All leased cars are returned eventually, so why not lease them again?
When it comes to buying or leasing a new car, people typically have a preference for one over the other. With buying, at least you'll one day own the vehicle, whereas with leasing you're left with nothing of value when the lease ends. Then again, leasing does allow you to get a new car every two or three years. Not at all surprisingly, leasing, according to Automotive News and Experian, has "surged as a share of new-vehicle transaction to 29 percent in the fourth quarter of 2015."
That figure is up from 24 percent only two years earlier. Why has leasing become more popular? Because finance companies realized they could help increase sales by providing customers with lower monthly payments via leasing. Here's the problem with that today: leases end. In other words, dealerships are experiencing a flood of off-lease vehicles being returned to market. 3.1 million off-lease vehicles, to be precise, and that figure will increase in the coming years. And with all of that new-used inventory, the once rare concept of used car leases is becoming more popular. That's right, leasing a used car. In fact, 3.8 percent of all leases late last year were on used cars.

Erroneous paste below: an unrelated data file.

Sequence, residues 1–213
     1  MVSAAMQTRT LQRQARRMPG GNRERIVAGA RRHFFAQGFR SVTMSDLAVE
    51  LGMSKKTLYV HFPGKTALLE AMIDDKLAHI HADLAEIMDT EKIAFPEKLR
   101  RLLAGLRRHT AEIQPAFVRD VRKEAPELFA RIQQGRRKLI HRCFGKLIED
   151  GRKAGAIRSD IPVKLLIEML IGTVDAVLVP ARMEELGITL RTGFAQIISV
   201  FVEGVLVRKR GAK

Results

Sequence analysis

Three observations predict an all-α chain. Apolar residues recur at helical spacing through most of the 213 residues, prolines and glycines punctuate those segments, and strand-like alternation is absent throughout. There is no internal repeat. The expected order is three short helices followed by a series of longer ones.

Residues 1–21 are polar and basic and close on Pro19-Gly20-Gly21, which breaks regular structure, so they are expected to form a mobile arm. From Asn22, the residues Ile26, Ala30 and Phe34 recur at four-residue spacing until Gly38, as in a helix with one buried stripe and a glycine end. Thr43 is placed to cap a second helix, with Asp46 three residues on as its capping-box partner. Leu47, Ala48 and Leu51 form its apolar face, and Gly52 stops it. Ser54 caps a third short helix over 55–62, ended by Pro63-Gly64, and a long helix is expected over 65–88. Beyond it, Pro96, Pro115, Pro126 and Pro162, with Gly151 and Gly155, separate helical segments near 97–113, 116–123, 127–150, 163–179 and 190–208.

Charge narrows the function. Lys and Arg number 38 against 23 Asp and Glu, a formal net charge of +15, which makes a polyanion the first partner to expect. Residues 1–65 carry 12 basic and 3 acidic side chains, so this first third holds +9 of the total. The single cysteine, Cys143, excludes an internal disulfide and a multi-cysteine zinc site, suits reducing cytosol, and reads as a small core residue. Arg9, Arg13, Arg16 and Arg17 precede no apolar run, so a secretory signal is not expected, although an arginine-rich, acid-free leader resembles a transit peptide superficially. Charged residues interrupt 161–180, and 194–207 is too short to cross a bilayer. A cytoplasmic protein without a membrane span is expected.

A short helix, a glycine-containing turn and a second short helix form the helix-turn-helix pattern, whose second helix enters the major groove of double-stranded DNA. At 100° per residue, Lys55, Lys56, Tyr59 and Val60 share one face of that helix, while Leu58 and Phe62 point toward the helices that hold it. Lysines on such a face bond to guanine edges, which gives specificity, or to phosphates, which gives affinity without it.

Welcome to the world of certified leasing, and companies like Toyota, Ally Financial and BMW are even encouraging this practice. Toyota, Lexus, and Scion are essentially the leaders in certified use car leases at the moment, with terms that last an average of 36 months, which is very similar for new car lease periods. Toyota Financial Services is offering incentives to buyers, like "discounts on rent charges, which is a finance fee paid to auto lenders, similar to an interest rate on a loan." Certified leasing isn't new, as many of you likely know, but it hasn't been especially popular. But with a flood of leased vehicles being returned to dealership lots, a solution had to be found.
So the next time you're in the market for a car, leasing a second-hand car could turn out to be one hell of a good deal. Remember, leased vehicles have yearly mileage limits and have been serviced only by the dealership, so a second-hand lease is really a safe bet. Bottom line is dealerships are anxious to get these certified used cars off their lots fast and you could benefit.